Are eReaders ruining our social interactions AND our communities?
Two things I’ve read lately have given me pause. The first was this blog on the NYTimes website very descriptively titled “How eReaders Destroyed My Love Life" which is about how the author used to strike up conversations with literate men about their reading choices and now because of the SCOURGE of eReaders, has no idea what they are reading, so can’t talk to them.
And then there’s this piece on Salon (in a FABULOUSLY named blog called “My Tiny Hipocrisy”) “I Don’t Support the Bookstores I Love” about how the author loves to browse for books in bookstores, but buys them from Amazon. I am mildly guilty of this sin as well, although I tend to buy my books from the iBookstore. Although I’m not sure that is really much BETTER.
I try not to talk to people on the subway, (although I did have a funny conversation on a subway platform last night with the guy who had been the maitre’d at the restaurant I had been in in Brooklyn Heights). BUT, I’ve have many lovely conversations with strangers about eReaders—which one I have, what do I recommend they buy, etc.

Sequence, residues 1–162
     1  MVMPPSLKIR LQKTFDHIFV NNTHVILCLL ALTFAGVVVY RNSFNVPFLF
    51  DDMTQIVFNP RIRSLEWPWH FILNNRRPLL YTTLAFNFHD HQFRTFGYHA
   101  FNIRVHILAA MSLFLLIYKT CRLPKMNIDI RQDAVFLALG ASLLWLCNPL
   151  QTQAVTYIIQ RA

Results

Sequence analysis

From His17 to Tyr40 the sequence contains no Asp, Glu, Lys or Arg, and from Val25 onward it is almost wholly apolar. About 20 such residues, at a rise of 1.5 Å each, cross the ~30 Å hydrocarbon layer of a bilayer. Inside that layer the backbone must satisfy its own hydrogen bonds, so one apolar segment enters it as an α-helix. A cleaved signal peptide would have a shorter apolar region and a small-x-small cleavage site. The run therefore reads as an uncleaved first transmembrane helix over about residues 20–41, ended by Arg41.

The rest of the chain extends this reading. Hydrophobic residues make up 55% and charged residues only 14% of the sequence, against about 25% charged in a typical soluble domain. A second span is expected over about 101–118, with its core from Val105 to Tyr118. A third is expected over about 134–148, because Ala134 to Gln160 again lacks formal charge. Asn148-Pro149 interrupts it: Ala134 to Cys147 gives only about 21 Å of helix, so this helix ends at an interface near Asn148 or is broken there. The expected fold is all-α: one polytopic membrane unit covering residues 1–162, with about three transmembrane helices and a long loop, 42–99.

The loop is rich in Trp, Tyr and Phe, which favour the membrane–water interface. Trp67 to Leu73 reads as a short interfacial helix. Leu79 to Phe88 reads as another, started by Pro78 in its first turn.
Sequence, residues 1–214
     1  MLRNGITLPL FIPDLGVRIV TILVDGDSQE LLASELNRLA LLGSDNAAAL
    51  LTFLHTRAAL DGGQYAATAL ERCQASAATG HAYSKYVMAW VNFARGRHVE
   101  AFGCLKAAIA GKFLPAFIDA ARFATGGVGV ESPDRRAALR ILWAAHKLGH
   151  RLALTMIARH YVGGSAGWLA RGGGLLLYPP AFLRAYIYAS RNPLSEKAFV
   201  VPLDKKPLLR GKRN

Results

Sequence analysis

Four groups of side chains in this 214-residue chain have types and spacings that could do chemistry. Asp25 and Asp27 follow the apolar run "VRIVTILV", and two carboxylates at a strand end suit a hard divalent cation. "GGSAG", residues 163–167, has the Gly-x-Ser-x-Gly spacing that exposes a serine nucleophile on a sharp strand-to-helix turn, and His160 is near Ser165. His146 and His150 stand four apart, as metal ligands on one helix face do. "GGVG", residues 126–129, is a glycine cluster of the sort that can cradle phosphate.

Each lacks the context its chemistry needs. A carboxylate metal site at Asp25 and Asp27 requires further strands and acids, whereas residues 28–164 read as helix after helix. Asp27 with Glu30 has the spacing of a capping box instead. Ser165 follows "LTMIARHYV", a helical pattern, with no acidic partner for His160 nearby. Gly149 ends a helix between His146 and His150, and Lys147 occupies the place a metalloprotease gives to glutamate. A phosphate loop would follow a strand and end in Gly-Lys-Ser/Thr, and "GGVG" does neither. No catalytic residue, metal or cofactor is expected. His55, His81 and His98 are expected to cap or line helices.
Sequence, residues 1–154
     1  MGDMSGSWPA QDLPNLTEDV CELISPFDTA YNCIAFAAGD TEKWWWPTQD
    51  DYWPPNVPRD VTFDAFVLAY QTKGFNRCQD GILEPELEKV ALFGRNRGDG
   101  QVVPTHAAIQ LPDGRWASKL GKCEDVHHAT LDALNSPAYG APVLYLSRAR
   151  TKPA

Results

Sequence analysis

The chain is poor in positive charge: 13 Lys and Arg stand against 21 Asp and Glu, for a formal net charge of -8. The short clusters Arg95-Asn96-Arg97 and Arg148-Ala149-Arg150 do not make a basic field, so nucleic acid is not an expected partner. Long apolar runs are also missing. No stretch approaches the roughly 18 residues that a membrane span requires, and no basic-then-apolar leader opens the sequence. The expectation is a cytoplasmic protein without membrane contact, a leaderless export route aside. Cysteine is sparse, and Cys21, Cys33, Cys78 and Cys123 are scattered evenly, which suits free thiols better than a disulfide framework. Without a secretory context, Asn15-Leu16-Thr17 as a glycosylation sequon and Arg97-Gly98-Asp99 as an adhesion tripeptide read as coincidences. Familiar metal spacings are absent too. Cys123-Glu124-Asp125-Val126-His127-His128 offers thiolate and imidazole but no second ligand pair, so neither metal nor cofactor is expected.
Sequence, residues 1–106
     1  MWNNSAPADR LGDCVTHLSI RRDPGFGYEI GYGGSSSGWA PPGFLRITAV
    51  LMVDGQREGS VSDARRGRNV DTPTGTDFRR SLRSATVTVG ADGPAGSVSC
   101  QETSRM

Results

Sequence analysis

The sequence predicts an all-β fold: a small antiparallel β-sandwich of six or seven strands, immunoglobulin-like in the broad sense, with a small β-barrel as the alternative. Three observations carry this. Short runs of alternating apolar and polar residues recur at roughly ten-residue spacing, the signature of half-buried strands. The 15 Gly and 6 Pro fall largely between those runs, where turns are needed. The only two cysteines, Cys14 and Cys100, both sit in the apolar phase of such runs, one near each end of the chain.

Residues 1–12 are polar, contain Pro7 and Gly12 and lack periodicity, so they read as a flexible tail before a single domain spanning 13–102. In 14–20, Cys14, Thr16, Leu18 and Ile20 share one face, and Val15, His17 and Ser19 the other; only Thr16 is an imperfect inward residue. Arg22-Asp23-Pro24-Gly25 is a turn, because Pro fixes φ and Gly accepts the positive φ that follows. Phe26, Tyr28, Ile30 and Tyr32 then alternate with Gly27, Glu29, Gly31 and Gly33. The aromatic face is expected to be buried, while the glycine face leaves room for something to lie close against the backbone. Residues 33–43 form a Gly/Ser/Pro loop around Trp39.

It’s funny how something that really is a very niche market—books and digital reading in general—is being blamed for so much—the crash of a love life, the destruction of the social fabric of communities. When really it is OUR fault. We’re being little hoarding digital nerds who aren’t communicating. Also, when there were lots of books on subways there also wasn’t social networking. Don’t we feel closer to our friends because of Facebook? Google Plus allows us to select our most favorite friends and only share intimate details with them. Isn’t this PROGRESS?!
But, I digress. I am resolving (I’ve done this before…) to buy books locally (I bought a book at The Strand last week!) and to ask one cute stranger what he is reading on his eReader.